Emergent BioSolutions presented updated results from the interim analysis of its Phase 2 clinical study evaluating the safety and immunogenicity of the company’s chikungunya virus virus-like particle (CHIKV VLP) vaccine candidate across a series of dosing regimens. The presentation was made at the American Society of Tropical Medicine and Hygiene (ASTMH) annual meeting in Maryland held November 20 to 24, 2019.
This Phase 2 parallel-group, randomized, double-blind, dose-finding study enrolled 415 healthy adults at three U.S. sites. The subjects were randomized to one of several doses and regimens, including a single dose. Seroconversion occurred in 74% to 98% of subjects within seven days after one dose, and in all subjects by 28 days after the last dose. In the single-dose regimen arm, 96% of the single dose subjects had detectable antibodies within seven days of the vaccination. At the one-year visit, 98% of subjects receiving the single-dose regimen remained seropositive. Additionally, this arm had the highest Geometric Mean Titer at Days 7, 182, and 365 compared to the other arms, suggesting a durability of inducing high serum neutralizing titers with just a single dose. Subjects in three of the arms will be followed for at least two years to examine persistence of the response.
The vaccine candidate was well-tolerated across all study arms and no significant vaccine-related safety concerns have been identified in analyses to date. The most frequent adverse event was local injection site pain.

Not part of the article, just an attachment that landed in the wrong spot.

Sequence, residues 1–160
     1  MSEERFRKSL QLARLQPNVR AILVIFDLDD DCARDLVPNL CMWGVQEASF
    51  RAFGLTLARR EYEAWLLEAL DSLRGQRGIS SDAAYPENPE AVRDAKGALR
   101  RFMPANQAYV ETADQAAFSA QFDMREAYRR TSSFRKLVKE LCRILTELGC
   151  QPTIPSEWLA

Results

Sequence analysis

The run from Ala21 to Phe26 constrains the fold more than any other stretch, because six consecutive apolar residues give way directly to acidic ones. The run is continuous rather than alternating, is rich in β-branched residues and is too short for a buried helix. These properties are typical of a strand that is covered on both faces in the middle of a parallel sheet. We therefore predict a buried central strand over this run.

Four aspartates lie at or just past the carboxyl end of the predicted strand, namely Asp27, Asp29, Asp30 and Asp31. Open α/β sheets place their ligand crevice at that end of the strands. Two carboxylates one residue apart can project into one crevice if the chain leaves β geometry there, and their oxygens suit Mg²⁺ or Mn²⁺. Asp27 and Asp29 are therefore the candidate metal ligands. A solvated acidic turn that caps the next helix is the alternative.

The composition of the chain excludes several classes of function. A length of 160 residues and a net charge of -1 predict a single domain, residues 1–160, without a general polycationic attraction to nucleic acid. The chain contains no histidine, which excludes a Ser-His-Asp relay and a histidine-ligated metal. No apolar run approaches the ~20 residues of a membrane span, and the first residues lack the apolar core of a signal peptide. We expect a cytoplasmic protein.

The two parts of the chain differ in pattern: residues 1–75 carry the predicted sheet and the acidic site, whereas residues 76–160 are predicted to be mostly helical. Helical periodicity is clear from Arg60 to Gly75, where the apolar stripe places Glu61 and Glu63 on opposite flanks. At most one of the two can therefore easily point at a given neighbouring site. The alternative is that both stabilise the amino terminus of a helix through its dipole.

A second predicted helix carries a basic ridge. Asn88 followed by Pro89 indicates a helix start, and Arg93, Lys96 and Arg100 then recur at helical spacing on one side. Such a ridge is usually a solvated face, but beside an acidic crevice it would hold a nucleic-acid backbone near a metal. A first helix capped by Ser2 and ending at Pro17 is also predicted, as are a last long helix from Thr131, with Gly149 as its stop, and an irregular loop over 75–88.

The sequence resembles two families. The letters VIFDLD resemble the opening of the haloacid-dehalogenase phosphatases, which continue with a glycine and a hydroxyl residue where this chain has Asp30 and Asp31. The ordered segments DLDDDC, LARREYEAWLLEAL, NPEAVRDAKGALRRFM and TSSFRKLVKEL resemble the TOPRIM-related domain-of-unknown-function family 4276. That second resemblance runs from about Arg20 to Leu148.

The CHIKV VLP vaccine candidate is licensed from the National Institute of Allergy and Infectious Diseases at the National Institutes of Health. The license was transferred to Emergent following the acquisition of PaxVax in 2018.
It received FDA Fast Track designation in May 2018 and EMA PRIME designation in September 2019.
About CHIKV VLP
Virus-like particle (VLP) vaccines are multi-protein structures that mimic the organization and conformation of naturally occurring viruses without the viral genome. Studies have shown that in general, other VLP vaccines are highly immunogenic, safe, and typically elicit high titer neutralizing antibodies, which are needed to protect against chikungunya virus. There is currently no vaccine, VLP or otherwise, to prevent chikungunya virus infection.
About the Chikungunya virus
Chikungunya virus is spread to people through infected mosquitoes. Symptoms include fever, joint pain, headache, muscle pain, joint swelling, or rash. Chikungunya outbreaks have occurred in countries in Africa, Asia, Europe, and the Indian and Pacific Oceans. The chikungunya virus was found for the first time in the Americas on islands in the Caribbean in 2013. According to the Centers for Disease Control and Prevention, there is a risk that the virus will be imported to new areas by infected travelers. Currently, there is no vaccine to prevent or medicine to treat chikungunya virus infection.